Monday, September 23, 2013 |
Craig Davidson's Cataract City tells the story of childhood friends Owen and Duncan, who dream of a life beyond the borders of their hometown of Niagara Falls, Ont., a.k.a. Cataract City. Earlier this week it was announced that the novel made the Scotiabank Giller Prize longlist. Davidson talked to CBC News about the book in a recent interview.
"A lot of the book is a love letter to my own childhood and the things that I like," Davidson said. He grew up in Niagara Falls, which he described as "a gritty type of city." He went on to say that it seemed the ideal setting "to talk about some of the things I like to talk about as a writer." Behind "the glitz of the touristy part of the hill," he pointed out, "there's people who are struggling to make their living in factories."
A large part of Cataract City takes place in those factories, and class tensions are a major theme in the novel. The boys' fathers both work in a factory, but Owen's father has a slightly better position and according to Davidson "that simple class difference affects both boys."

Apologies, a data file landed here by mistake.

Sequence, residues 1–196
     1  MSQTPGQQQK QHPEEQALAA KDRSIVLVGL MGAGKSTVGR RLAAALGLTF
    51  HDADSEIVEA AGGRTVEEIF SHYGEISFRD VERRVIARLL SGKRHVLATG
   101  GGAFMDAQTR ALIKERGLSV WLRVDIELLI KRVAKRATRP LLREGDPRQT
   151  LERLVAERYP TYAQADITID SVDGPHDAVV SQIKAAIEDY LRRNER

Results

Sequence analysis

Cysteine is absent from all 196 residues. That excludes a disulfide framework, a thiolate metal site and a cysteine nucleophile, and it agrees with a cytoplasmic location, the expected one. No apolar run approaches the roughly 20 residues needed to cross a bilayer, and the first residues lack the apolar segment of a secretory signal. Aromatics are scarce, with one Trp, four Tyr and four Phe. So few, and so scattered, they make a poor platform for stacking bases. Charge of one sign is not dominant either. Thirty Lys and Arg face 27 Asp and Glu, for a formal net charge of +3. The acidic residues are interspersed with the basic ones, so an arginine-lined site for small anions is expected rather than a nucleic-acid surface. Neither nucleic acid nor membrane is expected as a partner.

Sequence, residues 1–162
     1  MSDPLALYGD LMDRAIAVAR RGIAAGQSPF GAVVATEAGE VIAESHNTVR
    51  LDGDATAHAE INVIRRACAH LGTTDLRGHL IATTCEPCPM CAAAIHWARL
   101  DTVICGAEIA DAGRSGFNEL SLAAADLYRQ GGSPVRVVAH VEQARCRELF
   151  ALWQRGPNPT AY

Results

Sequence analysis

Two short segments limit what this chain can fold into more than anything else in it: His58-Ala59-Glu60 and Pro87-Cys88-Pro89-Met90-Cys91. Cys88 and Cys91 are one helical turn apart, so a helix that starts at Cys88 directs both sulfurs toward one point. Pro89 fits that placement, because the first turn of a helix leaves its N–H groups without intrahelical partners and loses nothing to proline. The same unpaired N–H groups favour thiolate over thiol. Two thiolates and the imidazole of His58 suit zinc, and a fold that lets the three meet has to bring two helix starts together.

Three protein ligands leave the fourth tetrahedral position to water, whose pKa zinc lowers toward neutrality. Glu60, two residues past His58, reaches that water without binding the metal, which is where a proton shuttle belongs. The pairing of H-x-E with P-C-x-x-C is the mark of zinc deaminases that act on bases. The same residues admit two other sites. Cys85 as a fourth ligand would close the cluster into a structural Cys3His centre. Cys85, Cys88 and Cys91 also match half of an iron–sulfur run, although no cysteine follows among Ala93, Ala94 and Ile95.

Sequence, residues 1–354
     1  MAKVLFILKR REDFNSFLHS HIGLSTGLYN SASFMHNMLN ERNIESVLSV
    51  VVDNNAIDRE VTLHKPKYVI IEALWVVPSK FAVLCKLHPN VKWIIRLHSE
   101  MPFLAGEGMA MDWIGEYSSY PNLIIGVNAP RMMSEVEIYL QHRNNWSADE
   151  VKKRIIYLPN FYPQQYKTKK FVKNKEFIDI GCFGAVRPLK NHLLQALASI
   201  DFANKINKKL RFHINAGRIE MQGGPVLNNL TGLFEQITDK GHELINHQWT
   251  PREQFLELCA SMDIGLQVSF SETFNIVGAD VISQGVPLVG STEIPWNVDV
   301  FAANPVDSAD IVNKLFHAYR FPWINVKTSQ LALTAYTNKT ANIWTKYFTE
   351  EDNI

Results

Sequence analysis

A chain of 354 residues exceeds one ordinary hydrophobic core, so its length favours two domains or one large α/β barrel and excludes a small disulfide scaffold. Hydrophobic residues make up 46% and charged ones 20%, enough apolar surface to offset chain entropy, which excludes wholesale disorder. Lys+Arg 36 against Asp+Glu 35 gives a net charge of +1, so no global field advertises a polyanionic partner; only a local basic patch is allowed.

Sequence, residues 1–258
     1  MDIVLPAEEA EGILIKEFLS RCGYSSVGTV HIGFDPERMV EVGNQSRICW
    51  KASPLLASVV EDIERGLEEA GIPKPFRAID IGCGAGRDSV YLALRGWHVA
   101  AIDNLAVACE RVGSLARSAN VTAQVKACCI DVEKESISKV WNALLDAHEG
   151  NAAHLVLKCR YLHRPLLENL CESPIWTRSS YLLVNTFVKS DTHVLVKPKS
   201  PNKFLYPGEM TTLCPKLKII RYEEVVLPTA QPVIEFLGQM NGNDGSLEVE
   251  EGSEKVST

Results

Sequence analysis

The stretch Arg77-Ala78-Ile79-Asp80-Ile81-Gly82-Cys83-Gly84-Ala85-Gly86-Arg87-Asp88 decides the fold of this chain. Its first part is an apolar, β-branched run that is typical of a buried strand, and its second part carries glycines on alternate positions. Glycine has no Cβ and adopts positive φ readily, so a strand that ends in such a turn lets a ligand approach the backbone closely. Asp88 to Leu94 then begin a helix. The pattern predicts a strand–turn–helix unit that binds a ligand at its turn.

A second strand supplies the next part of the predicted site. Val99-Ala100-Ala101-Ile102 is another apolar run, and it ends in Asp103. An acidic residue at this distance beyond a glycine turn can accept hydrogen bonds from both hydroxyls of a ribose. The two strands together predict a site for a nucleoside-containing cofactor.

The two boys are united, however, in their desire to leave Niagara Falls. Davidson sees the desire to leave your hometown as universal, but he also believes there's a universal need to come to terms with your roots. "Both of them come to the realization through the course of the novel that you are made by your hometown, your hometown becomes a part of you," he said, adding that you can't escape it any more than you're able to "escape your own DNA helix."